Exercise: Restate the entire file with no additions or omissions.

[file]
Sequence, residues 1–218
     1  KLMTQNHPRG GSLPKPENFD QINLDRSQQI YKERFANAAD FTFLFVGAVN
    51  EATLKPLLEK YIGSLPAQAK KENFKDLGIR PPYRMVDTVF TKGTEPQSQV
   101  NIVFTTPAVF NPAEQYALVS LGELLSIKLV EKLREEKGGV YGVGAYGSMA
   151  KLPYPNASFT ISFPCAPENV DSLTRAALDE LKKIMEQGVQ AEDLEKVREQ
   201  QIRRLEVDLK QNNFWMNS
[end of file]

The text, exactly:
Sequence, residues 1–218
     1  KLMTQNHPRG GSLPKPENFD QINLDRSQQI YKERFANAAD FTFLFVGAVN
    51  EATLKPLLEK YIGSLPAQAK KENFKDLGIR PPYRMVDTVF TKGTEPQSQV
   101  NIVFTTPAVF NPAEQYALVS LGELLSIKLV EKLREEKGGV YGVGAYGSMA
   151  KLPYPNASFT ISFPCAPENV DSLTRAALDE LKKIMEQGVQ AEDLEKVREQ
   201  QIRRLEVDLK QNNFWMNS